Traditionally, there were four major types of gin: London Dry, Plymouth, Old Tom and genever (which is really a stretch as a sub-category of gin in my view, but what the hell). London Dry is what most Americans have experienced – brands like Beefeater, Tanqueray and Bombay lead the market. Plymouth gin must, by law, be made in Plymouth, England and is softer, less dry, and made with more earthy, root ingredients. Old Tom gin is somewhat sweeter than London Dry or Plymouth gins and is also stronger. Amidst this already diverse field of gins comes the new class: New Gin (or New American gin). New gins tend to downplay the role of juniper in their flavor profile while accenting other traditional ingredients or bringing in relatively new ones.
New Amsterdam Gin is really what it sounds like – a new American gin. New Amsterdam, though named after New York City, is produced in Modesto, California. It’s nose is heavy on lemon peel, light on juniper and has a slight French vermouth quality to it. While these flavors stand out in the nose, there is also an alcohol backbone to the scent. The spirit is crystal clear and has very thin legs on a glass which take a long time to recede. At first sip, it is very sweet and not dominated by juniper. There is more of a lemon and orange peel taste on the tip of the tongue, while there is a lightly peppered spice on the back of the tongue. The remnants of juniper linger in the aftertaste, but so does a composite flavor of a gin mixed with a small amount of French vermouth.
New Amsterdam’s tagline is “So smooth you can drink it straight.” I’ve never enjoyed drinking gin straight, but recently tried New Amsterdam on the rocks at a party and really enjoyed it. I was able to enjoy it because, frankly, on its own it had a lot of the characteristics I look for in a Dry Martini – smooth, crisp, with nice citrus notes. While I’ve never embraced the common American formula of a Martini being a cold glass of gin, for New Amsterdam, I could probably enjoy it. Of course, when I want a Martini, I want a Martini, with a hefty pour of French vermouth. New Amsterdam really doesn’t stand up to my preferred 50:50 recipe. On the one hand, that’s a knock in my book. On the other, being a capable bartender means knowing how you adjust a recipe to work with different bottlings’ unique characteristics.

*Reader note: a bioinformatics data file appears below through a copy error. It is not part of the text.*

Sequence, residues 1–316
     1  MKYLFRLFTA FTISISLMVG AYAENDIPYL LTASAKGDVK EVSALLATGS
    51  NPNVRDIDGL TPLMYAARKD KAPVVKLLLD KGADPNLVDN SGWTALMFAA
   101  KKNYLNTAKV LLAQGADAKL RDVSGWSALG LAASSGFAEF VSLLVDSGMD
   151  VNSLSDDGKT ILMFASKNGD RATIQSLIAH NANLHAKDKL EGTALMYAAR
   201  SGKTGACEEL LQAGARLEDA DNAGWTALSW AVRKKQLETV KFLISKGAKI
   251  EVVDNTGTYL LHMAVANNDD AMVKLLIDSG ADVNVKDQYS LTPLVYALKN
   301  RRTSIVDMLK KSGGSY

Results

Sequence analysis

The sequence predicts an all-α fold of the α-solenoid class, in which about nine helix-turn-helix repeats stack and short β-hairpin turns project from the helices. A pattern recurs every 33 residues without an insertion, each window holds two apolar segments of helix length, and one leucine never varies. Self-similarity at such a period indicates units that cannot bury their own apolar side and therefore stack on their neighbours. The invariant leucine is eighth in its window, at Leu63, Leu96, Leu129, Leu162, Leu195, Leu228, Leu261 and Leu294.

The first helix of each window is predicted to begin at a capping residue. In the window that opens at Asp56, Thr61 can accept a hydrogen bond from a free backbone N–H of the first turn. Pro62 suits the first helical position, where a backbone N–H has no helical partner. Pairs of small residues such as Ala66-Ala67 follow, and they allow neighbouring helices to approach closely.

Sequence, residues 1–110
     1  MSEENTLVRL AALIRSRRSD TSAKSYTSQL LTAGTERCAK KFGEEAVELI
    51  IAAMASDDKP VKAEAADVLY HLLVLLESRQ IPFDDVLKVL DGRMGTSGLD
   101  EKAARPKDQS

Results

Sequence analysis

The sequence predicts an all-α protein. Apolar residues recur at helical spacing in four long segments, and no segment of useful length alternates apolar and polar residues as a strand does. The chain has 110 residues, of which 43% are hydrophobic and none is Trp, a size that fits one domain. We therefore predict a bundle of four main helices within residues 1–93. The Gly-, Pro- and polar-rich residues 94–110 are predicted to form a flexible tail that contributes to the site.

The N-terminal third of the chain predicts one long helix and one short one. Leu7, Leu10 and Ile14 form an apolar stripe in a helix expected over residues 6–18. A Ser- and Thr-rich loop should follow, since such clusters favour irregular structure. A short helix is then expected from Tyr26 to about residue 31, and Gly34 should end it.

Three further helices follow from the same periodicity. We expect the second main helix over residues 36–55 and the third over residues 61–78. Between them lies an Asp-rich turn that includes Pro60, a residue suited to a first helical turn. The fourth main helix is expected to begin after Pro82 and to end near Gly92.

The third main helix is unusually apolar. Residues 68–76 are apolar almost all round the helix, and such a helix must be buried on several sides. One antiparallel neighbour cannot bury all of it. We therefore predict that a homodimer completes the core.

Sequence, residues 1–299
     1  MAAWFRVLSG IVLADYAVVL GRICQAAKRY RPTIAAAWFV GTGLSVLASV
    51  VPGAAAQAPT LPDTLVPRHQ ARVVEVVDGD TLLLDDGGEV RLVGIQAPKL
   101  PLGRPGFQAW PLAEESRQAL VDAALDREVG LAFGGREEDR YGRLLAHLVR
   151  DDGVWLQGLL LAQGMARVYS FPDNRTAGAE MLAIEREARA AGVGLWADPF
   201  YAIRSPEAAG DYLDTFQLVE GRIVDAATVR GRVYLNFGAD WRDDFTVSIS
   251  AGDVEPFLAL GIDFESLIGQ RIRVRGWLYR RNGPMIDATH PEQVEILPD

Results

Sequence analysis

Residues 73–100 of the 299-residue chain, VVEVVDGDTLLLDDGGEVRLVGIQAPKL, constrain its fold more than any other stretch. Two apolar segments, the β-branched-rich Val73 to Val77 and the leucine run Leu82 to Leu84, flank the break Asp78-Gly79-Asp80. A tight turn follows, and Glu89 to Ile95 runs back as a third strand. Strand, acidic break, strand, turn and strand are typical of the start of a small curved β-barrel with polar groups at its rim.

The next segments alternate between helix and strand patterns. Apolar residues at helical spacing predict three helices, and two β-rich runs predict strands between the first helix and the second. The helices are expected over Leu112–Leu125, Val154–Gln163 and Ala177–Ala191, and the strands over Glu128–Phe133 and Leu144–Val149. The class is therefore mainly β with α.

Interestingly, all but one of the cocktails on New Amsterdam’s website do not contain vermouth. They are all fruit and liqueur dominated – seeming to show a greater similarity for their consumers to a vodka than a gin to be used in classic cocktail recipes. This is certainly a product of new gins – they just don’t all work as well when placed in recipes that intend London Dry or Plymouth gins to be used. One of the challenges with New American gins is that they are redefining a very classic spirit with each new formulation. Does that mean that something like New Amsterdam isn’t actually a gin? Of course not. But our definitions of what constitutes gin are expanded with bottlings like New Amsterdam or, say, Hendricks. So while traditionalists may not embrace a gin like New Amsterdam because of its aggressive reformulation of the gin flavor profile, people who may not like the idea of drinking gin might find it very accessible. I would say I fall somewhere in between. This isn’t what I think of when I think of gin. But it’s not about my preconceived notions. I think it tastes pretty danged good and I’m undoubtedly going to drink it on the rocks, perhaps with a twist of lemon or a dash of citrus bitters, in the near future and I’m sure I’ll enjoy it.
Disclosure: This post was made possible because I received a free bottle of New Amsterdam Gin for the purposes of sample and review.